#SOSMatanzas: Cuba's Matanzas province is currently facing a COVID-19 crisis, with insufficient hospitals, staff and supplies to fight the virus' spread.
matanzas covid
Matanzas City and Matanzas Bay. Photo: By Jerome Ryan – Creative Commons BY 3.0

Many of you have asked us to report on the current situation in Cuba, particularly in Matanzas. While we’re not a “news” organization per se, we recognize that our platform in the US-Cuba ecosystem provides us a window into, and a responsibility to help get the word out about what’s happening there. 

If you haven’t been following the story, Matanzas is in the middle of a large and tragic COVID-19 outbreak. The hospital and medical infrastructure is at capacity and if it hasn’t yet, is on the verge of collapse. Supplies and medicine are short and hard to come by. The virus is racing through the population, expanding rapidly: On July 9th, Cuba confirmed 6,422 new COVID-19 cases with 3,559 of those in Matanzas alone. To give you context, a typical infection rate in Cuba over the past two weeks has been 318 per 100,000 people. Matanzas COVID rates have been 1,316 per 100,000.  

We realize that it is particularly challenging getting items to Cuba from the United States… you can help by sharing this story and spreading the word so that more people know about the tragic turn of events taking place with this dangerous virus variant. 

This recent exponential rise in the number of cases is thought to be the result of the highly contagious Delta variant, spreading through the province. While not certain, many believe it has entered the country through the tourist area of Varadero. Centered in Matanzas province, Varadero is the country’s popular resort destination. It is believed that tourists, with possible exposure to the Delta variant prior to arriving in Cuba, have had contact with local hospitality workers who then have contact with their families at home. 

Related Post: Cuba’s Shortage of Vaccine Syringes: Here’s How You Can Help

The situation is indeed dire. Reports are that people are lined up on beds in hospital corridors, on benches in waiting rooms and out front of the hospital buildings. Medicine and supplies are typically challenging to come by in Cuba on a good day. The current environment in Matanzas makes it hard to obtain any of the necessary medicines or oxygen to effectively fight this battle.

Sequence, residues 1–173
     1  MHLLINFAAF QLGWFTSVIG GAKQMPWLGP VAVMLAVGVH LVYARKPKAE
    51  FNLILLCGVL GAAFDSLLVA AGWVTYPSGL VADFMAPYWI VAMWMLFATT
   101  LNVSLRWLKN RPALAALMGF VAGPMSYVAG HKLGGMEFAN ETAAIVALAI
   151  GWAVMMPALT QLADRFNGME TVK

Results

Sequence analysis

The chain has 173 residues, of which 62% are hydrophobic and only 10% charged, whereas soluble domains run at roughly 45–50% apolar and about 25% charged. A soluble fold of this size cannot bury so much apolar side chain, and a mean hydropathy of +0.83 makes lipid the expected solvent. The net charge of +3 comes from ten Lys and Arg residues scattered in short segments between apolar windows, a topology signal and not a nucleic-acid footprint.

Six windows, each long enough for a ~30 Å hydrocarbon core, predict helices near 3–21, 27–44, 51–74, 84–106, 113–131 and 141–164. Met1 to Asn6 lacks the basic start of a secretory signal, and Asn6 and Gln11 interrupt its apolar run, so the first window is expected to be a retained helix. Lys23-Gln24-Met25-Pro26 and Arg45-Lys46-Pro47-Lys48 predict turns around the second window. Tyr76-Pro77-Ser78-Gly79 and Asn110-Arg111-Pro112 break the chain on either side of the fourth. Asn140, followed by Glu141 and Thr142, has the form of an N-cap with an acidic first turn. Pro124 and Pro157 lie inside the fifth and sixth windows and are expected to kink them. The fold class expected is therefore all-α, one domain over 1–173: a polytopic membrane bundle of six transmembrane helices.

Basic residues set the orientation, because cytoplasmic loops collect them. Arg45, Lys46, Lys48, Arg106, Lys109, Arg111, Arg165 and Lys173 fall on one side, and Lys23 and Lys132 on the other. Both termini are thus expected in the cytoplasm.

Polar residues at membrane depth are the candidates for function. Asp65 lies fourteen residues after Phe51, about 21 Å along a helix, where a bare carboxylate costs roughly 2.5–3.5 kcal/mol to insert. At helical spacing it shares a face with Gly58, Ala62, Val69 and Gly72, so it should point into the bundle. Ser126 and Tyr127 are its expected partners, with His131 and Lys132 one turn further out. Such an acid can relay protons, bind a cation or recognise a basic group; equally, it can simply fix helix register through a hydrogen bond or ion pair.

The government is advancing final year medical students’ licenses and sending military doctors in an effort to support the medical system. They’ve also recently deployed 200 members of its Henry Reeve medical brigade to the province; its “army” of doctors typically distributed internationally. 

abdala vaccine to fight matanzas covid
Abdala vaccine is one of Cuba’s approved COVID-19 vaccines. Photo: Ernesto Míllan

This all comes at a time when Cuba is aggressively working to vaccinate its population. Almost three million people have been vaccinated to date. However, vaccination alone is not going to stop the spread at this point. Efforts to get the vaccine out continue despite challenges in securing petrol to distribute it. There’s also a massive shortage of syringes for vaccine injections. The campaign Syringes for Cuba (created by Global Health Partners and Saving Lives Campaign) is working to raise money to buy more syringes if you are interested in supporting that effort. 

If you have supplies to donate and are in Havana, Clandestina is receiving donations at their store, at 403 Villegas in Habana Vieja…

We’ll work to keep this story updated. For more information and to find out how you can help, checkout #sosmatanzas and #soscuba on social media. There is a lot of chatter but information is bubbling up. If you have supplies to donate and are in Havana, Clandestina is receiving donations at their store, at 403 Villegas in Habana Vieja, for distribution in Matanzas; antibiotics, vitamins, canned foods and more. 

Related Post: 10 Things You Didn’t Know About Patria Y Vida

We realize that it is particularly challenging getting items to Cuba from the United States. If you can’t do that, you can help by sharing this story and spreading the word so that more people know about the tragic turn of events taking place with this dangerous virus variant. 

#sosmatanzas #soscuba

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Ken Deckinger is the co-founder and CEO of Startup Cuba and the executive producer and host of its namesake docuseries. A native of South Florida, Ken has been an entrepreneur for his entire professional career. Previously he was co-founder and CEO of HurryDate, pioneering the global concept of speed dating to 45 cities throughout the US, UK and Canada. HurryDate eventually evolved into online dating and was acquired by Spark Networks, the parent company of ChristianMingle.com and JDate.com. Ken is a graduate of Boston College and the University of Florida, where he was honored with the University’s Alumni Entrepreneur of the Year Under 40 award and sits on the Board for the Center for Entrepreneurship and Innovation. He actively advises entrepreneurs and is a two-time protagonist of a Harvard Business School case study. Ken’s filmmaking and journalistic journey is inspired by a love of travel and authentic connections with other cultures. He believes that the more we know about each other, through stories, the closer we can become — thus the mission of Startup Cuba: to amplify the voices of the people sharing stories in the Latinx space. After living in New York City for 15 years, he encouraged his wife to move their family to Miami to get back to his South Florida roots. Needless to say, it was a short discussion and he and his family now call Boston, where his wife grew up, their home.

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